However, in 2020, allocated funds for climate change experienced a significant reduction due to the state budget reallocations and refocusing. The allocated budget for climate change was reduced to Rp 44.51 trillion for mitigation actions (57 percent) and Rp 33.30 trillion for adaptation actions (43 percent).


The government continues pushing for the mobilization of climate funding resources outside the state budget to achieve its NDC commitments. One of many important non-state budget funding resources that could help Indonesia’s NDC activities is the Green Climate Fund. Other innovative international funding for climate-related programs is Forest Carbon Partnership Facility (FCPF), BioCarbon Fund, Ford Foundation, and funding from The World Bank.


All in all, the government has made several innovations in environmental funding instruments. One important step is improving the effectiveness of state budget through budget tagging and establishment of environmental funding performance-based criteria.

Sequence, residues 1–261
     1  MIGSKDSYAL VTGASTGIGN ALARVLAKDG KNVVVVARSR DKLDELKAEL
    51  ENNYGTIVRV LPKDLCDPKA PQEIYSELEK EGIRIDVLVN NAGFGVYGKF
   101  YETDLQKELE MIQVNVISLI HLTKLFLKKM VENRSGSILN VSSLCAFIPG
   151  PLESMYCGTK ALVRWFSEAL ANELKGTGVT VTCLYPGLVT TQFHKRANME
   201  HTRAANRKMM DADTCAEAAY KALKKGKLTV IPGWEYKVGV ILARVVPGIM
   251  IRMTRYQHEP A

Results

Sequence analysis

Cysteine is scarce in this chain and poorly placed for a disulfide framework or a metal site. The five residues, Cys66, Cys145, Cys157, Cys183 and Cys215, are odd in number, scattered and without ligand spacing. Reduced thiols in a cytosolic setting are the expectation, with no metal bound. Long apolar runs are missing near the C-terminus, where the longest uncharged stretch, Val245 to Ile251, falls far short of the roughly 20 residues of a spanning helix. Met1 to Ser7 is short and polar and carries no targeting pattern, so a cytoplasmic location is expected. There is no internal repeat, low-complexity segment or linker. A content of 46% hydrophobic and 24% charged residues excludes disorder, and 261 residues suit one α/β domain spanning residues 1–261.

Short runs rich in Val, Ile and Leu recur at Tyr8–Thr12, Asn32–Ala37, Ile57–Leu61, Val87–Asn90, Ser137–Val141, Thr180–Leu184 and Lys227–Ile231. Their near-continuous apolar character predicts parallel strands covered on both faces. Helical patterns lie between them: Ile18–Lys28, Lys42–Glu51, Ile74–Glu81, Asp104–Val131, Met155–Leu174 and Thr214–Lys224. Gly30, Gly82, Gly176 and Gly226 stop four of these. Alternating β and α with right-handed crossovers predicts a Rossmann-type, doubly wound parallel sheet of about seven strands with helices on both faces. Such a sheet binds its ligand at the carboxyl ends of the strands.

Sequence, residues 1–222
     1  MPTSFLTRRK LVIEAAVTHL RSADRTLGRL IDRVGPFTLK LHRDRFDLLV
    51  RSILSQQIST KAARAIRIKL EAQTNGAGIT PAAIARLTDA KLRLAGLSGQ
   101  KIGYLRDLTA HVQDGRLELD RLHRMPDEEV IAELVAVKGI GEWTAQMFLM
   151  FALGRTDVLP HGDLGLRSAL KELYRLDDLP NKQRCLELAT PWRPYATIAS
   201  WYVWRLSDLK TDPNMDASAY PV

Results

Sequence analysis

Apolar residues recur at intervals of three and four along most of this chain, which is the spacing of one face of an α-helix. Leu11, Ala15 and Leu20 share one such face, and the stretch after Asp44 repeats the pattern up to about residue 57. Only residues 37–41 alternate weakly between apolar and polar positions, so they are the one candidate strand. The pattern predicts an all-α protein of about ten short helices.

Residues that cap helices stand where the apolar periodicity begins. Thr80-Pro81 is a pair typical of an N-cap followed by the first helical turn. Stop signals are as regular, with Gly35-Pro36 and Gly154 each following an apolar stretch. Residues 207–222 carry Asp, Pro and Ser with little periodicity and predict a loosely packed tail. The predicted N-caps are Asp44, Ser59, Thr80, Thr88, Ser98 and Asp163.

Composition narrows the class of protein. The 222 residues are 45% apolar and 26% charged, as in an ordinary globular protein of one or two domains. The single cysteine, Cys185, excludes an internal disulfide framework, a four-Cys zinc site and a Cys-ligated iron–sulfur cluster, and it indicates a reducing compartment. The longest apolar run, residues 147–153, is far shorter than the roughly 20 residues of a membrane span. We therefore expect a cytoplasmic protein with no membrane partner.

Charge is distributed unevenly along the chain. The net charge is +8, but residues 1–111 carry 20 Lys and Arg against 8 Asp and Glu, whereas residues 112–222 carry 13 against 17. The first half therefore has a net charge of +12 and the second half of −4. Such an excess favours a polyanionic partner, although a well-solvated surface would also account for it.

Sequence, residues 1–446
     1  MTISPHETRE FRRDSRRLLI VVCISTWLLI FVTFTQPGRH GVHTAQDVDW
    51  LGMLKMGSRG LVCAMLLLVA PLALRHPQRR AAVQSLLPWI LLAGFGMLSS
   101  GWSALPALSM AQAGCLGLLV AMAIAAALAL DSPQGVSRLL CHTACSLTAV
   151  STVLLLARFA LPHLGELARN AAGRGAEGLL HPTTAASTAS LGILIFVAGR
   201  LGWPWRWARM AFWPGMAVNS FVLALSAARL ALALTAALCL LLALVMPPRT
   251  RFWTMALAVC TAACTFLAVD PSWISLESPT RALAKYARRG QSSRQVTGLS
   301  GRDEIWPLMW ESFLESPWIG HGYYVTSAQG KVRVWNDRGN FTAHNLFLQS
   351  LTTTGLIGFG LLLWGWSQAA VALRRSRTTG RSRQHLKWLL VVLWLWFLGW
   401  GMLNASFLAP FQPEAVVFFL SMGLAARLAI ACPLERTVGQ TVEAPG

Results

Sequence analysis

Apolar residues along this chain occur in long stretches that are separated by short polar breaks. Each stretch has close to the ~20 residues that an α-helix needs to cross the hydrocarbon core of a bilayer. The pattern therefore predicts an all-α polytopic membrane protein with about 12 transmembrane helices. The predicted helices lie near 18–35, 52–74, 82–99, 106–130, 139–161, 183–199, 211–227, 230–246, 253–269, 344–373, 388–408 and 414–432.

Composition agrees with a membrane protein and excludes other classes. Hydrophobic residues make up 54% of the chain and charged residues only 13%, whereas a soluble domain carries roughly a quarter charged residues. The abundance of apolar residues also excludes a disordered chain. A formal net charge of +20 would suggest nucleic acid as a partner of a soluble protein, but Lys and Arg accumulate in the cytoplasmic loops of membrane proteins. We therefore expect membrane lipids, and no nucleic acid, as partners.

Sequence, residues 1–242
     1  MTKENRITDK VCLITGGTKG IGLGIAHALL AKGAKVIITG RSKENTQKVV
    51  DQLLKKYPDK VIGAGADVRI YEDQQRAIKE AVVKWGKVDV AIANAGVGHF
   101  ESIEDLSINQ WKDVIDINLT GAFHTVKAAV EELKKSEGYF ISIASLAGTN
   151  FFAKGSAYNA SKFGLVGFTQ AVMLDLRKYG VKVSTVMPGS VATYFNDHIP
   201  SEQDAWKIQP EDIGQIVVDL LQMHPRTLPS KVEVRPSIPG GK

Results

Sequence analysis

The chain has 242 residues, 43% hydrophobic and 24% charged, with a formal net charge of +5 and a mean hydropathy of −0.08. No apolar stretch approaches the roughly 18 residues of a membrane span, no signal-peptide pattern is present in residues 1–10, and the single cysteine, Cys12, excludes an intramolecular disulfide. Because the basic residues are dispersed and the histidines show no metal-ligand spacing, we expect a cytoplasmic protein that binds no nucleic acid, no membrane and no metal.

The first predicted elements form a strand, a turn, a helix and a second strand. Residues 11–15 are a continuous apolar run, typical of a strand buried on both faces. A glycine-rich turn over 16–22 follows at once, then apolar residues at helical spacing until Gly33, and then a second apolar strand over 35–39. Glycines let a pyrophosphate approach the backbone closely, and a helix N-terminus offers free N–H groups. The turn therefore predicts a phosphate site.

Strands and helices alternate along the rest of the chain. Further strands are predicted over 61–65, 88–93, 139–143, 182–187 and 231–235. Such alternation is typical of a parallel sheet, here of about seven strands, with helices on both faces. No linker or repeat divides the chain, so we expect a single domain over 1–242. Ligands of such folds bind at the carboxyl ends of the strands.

Government has also mainstreamed environmental funding in Regional Funding Mechanisms through Regional Incentive Funds (Dana Insentif Daerah/DID), Village Funds (Dana Desa/DD); utilizing bilateral/multilateral/global funding schemes such as GEF, GCF, and REDD+; and also utilizing Sustainable Financing Schemes such as Green Bond, Tropical Landscape Financial Facility (TLFF), SDG Indonesia One, PT Sarana Multi Infrastruktur (PT SMI), and Green Sukuk, among others.